So off to the SOS office I went, I told the lady working my address and she put it in the system.  She then told me that I was not the owner of that title.  At this time I had no idea what to do, I was thinking I just paid about 10x too much for a piece of land and a home that I technically didn’t own even though my name was on the deed.  I asked her who was on the title and she said that it would be illegal for her to tell me.  So not knowing what to do I went back to the bank and talked with the loan officer on how to go about this.  He stated he had never seen this before.  We figured the person who sold us the home would be on the title so we had my buyers agent contact them.  They said they never received a title either.  Great.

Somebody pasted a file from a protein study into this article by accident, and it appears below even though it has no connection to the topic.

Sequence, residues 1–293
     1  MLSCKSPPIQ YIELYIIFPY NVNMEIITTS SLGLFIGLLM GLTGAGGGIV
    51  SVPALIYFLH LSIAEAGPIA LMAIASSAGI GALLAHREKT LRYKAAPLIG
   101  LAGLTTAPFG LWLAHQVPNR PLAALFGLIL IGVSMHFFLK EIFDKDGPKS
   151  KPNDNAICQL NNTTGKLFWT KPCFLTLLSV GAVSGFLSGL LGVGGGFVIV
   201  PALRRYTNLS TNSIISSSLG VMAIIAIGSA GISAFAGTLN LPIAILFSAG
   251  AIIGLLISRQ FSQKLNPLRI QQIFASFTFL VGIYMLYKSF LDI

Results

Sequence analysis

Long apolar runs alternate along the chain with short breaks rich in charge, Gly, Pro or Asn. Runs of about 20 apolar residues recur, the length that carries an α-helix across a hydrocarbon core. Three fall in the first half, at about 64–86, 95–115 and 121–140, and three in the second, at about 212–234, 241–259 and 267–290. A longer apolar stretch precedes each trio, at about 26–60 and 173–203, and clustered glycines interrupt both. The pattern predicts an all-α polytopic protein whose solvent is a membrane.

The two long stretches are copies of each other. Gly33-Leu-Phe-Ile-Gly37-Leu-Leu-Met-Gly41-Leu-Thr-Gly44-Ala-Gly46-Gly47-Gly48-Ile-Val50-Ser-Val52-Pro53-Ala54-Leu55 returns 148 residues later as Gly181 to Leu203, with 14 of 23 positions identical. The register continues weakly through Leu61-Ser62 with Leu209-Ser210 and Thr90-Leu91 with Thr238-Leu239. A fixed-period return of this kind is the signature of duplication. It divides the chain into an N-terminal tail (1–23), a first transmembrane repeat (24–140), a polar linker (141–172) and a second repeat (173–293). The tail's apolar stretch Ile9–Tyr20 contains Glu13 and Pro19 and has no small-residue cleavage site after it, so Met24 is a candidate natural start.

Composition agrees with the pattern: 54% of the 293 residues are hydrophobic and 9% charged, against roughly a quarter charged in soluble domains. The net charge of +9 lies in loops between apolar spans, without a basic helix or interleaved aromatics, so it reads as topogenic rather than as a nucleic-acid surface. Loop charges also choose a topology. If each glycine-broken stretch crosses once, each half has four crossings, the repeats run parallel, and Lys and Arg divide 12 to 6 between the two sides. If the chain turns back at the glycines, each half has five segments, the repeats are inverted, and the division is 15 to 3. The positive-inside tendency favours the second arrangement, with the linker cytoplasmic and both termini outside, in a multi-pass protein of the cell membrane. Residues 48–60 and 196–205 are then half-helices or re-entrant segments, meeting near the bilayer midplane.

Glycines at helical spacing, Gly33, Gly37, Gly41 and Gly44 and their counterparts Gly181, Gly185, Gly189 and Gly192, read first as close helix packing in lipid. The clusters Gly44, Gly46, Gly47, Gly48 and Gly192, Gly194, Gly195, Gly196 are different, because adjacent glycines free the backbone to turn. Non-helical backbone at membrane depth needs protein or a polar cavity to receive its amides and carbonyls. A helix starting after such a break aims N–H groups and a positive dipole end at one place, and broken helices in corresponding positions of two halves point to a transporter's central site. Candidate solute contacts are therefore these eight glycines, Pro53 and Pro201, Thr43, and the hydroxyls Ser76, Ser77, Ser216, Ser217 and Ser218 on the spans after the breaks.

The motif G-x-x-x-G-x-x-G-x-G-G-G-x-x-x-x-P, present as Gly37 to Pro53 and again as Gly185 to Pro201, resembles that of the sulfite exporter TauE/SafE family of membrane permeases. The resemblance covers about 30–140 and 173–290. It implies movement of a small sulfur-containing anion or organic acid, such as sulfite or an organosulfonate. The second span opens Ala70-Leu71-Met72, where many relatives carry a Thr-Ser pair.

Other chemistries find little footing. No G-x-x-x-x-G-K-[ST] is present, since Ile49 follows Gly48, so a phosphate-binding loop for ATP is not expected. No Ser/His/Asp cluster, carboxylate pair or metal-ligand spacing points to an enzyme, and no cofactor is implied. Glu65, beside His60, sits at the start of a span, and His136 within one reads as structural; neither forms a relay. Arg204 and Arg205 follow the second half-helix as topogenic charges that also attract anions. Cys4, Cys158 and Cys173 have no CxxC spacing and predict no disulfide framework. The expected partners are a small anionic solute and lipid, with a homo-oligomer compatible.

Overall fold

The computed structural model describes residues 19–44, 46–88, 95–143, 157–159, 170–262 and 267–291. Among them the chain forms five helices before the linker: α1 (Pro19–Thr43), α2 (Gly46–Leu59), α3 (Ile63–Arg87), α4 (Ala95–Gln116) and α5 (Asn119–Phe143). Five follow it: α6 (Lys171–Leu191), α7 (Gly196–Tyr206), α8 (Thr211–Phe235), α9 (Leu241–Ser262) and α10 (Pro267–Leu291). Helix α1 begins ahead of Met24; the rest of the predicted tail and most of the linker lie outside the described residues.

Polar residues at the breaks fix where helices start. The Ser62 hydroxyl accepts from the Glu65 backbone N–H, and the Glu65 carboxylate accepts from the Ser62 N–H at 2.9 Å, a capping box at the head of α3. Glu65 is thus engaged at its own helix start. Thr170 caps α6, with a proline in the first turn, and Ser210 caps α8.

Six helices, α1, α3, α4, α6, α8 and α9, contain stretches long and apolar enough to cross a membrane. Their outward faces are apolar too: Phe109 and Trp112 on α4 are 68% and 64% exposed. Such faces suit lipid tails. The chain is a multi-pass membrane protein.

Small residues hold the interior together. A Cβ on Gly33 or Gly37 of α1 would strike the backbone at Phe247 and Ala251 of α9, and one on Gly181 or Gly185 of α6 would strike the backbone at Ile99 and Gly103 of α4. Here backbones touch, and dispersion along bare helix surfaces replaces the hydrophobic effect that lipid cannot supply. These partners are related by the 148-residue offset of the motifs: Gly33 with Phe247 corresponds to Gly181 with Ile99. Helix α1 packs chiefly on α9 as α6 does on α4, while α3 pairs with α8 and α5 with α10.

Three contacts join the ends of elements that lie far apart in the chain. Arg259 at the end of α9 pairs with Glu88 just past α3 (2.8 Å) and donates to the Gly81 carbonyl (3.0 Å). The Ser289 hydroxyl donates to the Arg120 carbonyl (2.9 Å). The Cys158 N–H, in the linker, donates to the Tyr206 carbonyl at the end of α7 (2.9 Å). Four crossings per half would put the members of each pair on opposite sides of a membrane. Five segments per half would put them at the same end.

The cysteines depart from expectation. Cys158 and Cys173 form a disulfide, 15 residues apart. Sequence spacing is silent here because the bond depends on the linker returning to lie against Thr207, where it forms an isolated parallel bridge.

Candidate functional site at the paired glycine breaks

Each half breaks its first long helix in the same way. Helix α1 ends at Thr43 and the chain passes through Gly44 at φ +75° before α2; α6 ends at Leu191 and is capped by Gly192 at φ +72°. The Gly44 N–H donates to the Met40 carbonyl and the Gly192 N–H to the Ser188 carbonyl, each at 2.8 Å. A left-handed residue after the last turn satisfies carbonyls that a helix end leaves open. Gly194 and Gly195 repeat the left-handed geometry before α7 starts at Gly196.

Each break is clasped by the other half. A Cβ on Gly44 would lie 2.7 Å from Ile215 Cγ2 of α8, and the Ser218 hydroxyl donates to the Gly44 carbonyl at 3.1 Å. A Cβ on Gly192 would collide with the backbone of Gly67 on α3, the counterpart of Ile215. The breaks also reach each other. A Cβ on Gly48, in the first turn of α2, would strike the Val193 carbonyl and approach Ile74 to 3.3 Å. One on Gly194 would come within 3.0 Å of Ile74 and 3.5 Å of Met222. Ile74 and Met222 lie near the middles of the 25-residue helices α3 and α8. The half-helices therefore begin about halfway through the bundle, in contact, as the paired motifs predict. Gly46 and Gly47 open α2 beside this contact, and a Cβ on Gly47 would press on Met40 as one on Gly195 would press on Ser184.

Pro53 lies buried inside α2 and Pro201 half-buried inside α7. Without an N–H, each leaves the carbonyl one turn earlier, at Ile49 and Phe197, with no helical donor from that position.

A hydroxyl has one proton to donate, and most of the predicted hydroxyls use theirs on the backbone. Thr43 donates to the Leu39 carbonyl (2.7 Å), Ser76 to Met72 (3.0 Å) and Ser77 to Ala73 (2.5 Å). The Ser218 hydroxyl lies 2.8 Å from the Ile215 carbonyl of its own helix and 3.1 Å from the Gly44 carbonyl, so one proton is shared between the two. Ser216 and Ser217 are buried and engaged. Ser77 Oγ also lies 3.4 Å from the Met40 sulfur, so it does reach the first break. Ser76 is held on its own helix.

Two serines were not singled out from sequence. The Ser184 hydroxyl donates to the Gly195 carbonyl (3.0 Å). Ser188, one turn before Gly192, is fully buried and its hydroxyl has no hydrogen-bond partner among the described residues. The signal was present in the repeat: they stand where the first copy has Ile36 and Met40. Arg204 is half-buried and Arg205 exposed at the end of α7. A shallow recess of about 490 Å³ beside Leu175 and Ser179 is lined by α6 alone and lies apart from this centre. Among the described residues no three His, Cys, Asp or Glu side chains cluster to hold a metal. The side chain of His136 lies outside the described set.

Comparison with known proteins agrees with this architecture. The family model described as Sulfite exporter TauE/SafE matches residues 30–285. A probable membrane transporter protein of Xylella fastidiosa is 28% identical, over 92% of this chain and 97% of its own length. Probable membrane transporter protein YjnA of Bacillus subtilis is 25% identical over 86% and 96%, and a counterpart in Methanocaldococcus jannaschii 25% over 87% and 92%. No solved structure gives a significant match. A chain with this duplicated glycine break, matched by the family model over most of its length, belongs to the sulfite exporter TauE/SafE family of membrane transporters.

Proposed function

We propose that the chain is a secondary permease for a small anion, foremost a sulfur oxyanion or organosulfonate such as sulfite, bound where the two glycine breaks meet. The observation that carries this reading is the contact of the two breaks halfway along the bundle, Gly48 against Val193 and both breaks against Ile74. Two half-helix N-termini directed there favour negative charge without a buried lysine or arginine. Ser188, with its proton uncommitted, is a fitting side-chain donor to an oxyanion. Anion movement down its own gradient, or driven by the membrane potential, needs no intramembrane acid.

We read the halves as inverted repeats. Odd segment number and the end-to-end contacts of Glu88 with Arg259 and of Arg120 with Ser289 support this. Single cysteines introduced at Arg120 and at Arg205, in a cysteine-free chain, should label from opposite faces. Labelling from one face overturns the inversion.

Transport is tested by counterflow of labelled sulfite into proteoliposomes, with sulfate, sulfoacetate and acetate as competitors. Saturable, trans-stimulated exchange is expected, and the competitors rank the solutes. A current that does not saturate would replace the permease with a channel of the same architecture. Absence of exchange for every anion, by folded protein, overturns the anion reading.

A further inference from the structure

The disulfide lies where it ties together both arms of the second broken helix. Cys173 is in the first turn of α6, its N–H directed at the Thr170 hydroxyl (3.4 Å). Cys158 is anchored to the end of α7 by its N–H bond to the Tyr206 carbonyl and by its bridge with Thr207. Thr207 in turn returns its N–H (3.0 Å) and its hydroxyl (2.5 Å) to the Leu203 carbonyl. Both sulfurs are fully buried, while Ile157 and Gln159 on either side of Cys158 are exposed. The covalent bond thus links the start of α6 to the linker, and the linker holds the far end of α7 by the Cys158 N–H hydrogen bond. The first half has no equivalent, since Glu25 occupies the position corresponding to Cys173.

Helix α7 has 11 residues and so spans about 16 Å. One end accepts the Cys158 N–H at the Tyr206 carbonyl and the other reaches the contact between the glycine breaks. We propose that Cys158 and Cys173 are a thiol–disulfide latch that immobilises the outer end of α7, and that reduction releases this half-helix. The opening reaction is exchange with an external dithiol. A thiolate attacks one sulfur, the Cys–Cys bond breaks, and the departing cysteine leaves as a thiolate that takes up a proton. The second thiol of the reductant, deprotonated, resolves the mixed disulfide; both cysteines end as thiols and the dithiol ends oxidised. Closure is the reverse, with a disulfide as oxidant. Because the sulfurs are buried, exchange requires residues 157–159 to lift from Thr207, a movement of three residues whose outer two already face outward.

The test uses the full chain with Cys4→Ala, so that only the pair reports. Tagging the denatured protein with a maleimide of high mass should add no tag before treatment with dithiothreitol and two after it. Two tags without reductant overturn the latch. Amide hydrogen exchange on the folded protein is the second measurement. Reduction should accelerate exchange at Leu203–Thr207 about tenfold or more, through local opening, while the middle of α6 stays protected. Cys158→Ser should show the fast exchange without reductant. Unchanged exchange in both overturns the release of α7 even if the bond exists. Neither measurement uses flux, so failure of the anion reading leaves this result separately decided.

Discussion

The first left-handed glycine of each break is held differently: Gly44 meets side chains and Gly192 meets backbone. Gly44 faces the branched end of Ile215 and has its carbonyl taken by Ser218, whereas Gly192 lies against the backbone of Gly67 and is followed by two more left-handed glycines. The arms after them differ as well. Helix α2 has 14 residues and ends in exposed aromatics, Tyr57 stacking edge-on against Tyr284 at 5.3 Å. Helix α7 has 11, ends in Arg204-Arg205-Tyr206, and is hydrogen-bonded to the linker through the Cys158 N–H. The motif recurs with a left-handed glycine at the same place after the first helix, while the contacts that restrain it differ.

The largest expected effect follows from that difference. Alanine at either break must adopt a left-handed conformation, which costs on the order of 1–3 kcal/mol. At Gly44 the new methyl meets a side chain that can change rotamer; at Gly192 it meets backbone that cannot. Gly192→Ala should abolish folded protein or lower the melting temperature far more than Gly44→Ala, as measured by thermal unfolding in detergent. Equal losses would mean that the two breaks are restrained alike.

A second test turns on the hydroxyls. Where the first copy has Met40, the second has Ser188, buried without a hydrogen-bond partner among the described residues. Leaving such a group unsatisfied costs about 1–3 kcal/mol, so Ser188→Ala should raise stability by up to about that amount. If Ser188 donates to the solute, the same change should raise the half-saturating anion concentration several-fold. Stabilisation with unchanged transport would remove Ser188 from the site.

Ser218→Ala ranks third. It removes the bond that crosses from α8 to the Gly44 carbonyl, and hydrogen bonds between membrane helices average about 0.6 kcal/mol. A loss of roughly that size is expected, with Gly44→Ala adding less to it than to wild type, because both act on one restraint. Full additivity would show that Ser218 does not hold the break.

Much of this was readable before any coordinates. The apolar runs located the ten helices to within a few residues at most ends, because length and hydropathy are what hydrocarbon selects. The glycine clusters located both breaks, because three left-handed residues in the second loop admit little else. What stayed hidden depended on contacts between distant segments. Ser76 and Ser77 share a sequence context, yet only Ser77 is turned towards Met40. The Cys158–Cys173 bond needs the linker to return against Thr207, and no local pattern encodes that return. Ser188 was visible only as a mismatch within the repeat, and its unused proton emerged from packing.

After some major detective work we finally found the person on the title.  This person agreed to meet me at the SOS office and sign it over to me.  I thought, finally this is going to get done.  We met one day and told the lady what we needed done, she started the process and asked if his wife was here to sign off too.  Turns out, that couple had gotten divorced and is the reason they sold the home.  Both were still on the title.  This refi was dead in the water until both him and her signed the title over to me.  He had no idea where she was and hasn’t talked to her in over 5 years.  The one thing I got from him was her name.  I at least had somewhere to look and he gave me a location of where she MIGHT be.  After a couple of weeks and a couple of awkward phone calls to people of the same name, I finally found the right one.  She met with me and signed a form stating that her ex-husband could sign her name for her.  A week later we were back at the SOS office doing the title transfer.  It got really exciting this time when we were told we couldn’t transfer the title until the lien was off of the title.  What the heck?  There was a lien on the title.  A bank had a lien on the house that I owned, and not the bank that was supposed to be on it.  About a week later the lien was removed (thank God that they actually paid off the house in the divorce).  A week went by as we waited for the duplicate title without a lien on it came in the mail.  The title was transferred and a week after I received it in the mail.  I brought it directly to the bank, where we sent it to our state capitol to finish the “surrendering the title” process.  That took another 2 weeks to finish and finally it was surrendered (surrendering the title means that the house becomes part of the property and cannot legally be moved). This was a process that needed to be done to refinance our home.